If they do so, almost inevitably, they will seize on her religious beliefs and practice. Some on the left will not be able to restrain their scorn for an evangelical Christian Sunday school teacher from Dallas, and this will hurt them. They will impose a religious test against a member of a group accounting of a third of the voting base. Speculation on her being a lesbian has already started. "She sure seems like a big ol' Texas lesbian to me," as one of the Kos Kidz put it.

They are going to make themselves look very ugly.

The President must also prepare himself for a possible third nominee to the Court. With the oldest Justice 85 years old, and the vagaries of mortality for all of us being what they are, it is quite possible that a third (or even fourth) opportunity to staff the Court might come into play. Defusing, demoralizing and discrediting the reflexive opposition groups  in the Democrats' base is an important goal for the President, and for his possible Republican successors in office.

Then there is the small matter of actually influencing Supreme Court decision—making.

This president understands small group dynamics in a way that fewif any of his predecessors ever have. Perhaps this is because he was educated at Harvard Business School in a legendary course then—called Human Behavior in Organizations. The Olympian Cass Gilbert—designed temple/courtroom/offices of the Supreme Court obscure the fact that it is a small group, subject to very human considerations in its operations. Switching two out of nine members in a small group has the potential to entirely alter the way it operates. Because so much of managerial work consists of getting groups of people to work effectively, Harvard Business School lavishes an extraordinary amount of attention on the subject.

One of the lessons the President learned at Harvard was the way in which members of small groups assume different roles in their operation, each of which separate roles can influence the overall function. The new Chief Justice is a man of unquestioned brilliance, as well as cordial disposition. He will be able to lead the other Justices through his intellect and knowledge of the law. Having ensured that the Court's formal leader meets the traditional and obvious qualities of a Justice, and is a man who indeed embodies the norms all Justices feel they must follow, there is room for attending to other important roles in group process.

According  to a source in her Dallas church quoted by Marvin Olasky, Harriet Miers is someone who

taught children in Sunday School, made coffee, brought donuts: "Nothing she's asked to do in church is beneath her."

As the court's new junior member, the 60 year old lady Harriet Miers will finally give a break to Stephen Breyer, who has been relegated to closing and opening the door of the conference room, and fetching beverages for his more senior Justices. Her ability to do this type of work with no resentment, no discomfort, and no regrets will at the least endear her to the others. It will also confirm her as the person who cheerfully keeps the group on an even keel, more comfortable than otherwise might be the case with a level of emotional solidarity.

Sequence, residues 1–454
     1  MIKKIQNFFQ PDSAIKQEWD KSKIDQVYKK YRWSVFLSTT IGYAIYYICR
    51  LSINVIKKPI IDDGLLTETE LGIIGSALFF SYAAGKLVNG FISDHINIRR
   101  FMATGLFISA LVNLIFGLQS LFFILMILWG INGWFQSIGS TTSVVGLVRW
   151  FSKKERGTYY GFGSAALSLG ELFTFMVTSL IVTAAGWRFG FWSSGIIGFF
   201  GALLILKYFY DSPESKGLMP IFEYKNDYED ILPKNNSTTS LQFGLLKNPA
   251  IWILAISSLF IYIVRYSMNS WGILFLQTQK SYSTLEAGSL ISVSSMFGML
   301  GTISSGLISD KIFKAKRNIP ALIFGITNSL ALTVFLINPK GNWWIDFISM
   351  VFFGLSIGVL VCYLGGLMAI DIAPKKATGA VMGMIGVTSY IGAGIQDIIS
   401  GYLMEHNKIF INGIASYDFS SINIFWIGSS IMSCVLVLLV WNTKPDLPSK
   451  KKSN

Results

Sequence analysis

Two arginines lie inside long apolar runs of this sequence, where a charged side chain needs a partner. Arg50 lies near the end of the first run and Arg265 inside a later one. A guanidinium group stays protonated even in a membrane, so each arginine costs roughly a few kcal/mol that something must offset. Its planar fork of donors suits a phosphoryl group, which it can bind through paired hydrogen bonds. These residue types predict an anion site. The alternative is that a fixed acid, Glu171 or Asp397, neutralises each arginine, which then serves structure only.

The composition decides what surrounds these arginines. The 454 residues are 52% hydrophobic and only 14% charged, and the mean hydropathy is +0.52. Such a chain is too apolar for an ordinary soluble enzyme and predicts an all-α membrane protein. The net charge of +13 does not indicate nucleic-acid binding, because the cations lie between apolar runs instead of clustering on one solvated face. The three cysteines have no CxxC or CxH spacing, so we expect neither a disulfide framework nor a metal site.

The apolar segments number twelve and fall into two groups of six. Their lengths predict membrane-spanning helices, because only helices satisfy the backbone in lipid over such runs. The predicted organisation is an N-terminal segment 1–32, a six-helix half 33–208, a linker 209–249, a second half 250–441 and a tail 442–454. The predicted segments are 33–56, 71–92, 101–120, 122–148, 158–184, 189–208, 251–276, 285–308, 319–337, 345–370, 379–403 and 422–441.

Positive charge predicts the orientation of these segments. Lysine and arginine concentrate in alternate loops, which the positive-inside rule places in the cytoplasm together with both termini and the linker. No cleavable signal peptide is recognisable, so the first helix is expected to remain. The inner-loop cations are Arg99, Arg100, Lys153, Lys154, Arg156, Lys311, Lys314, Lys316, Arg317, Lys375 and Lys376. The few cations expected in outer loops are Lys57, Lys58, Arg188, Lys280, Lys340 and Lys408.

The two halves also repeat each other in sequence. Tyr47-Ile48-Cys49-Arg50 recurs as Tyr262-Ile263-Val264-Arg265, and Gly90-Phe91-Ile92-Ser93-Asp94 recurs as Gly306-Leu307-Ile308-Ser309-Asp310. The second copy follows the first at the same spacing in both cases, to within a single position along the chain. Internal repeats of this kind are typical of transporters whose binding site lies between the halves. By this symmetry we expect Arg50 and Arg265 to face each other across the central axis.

But there is much more to it than group solidarity, important though that ineffable spiritual qualty may be.  Ms. Miers embodies the work ethic as few married people ever could. She reportedly often shows up for work at the White House at 5 AM, and doesn't leave until 9 or 10 PM. I have no doubt that she will continue her extraordinary dedication to work once confirmed to the Court. She will not only win the admiration of those Justices who work shorter hours, she will undoubtedly be appreciated by the law clerks who endure similar hours, working on the research and writing for the Justices. These same law clerks interact with their bosses in private, and their influence intellectual and emotional may be more profound than some Justices might like to admit.

The members of the Supreme Court all see themselves as serving the public and the law to the best of their abilities. Their self—regard depends on their belief in the righteousness and fairness of their deliberations. They must listen to the arguments of the other Justices. But their susceptibility to viewpoints they had not yet considered is matter of both an intellectual and emotional character. Open—mindedness usually requires an unfreezing of deeply and emotionally—held convictions.

Having proven herself capable of charming the likes of Harry Reid, leader of the Senate Democrats, is there much room for doubt that Harriet Miers is capable of opening up opponents emotionally to hear and actually consider as potentially worthwhile the views of those they might presume to be their enemies?

George Bush has already succeeded in having confirmed a spectacularly—qualified intellectual leader of the Court in Chief Justice Roberts. If conservatives don't sabotage his choice, Harriet Miers could make an enormous contribution toward building Court majorities for interpretations of the Constitution faithful to the actual wording of the document.

Thomas Lifson is the editor and publisher of The American Thinker.

President Bush is a politician trained in strategic thinking at Harvard Business School, and schooled in tactics by experience and advice, including the experience and advice of his father, whose most lasting political mistake was the nomination of David Souter. The nomination of Harriet Miers to the Supreme Court shows that he has learned his lessons well. Regrettably, a large contingent of conservative commentators does not yet grasp the strategy and tactics at work in this excellent nomination.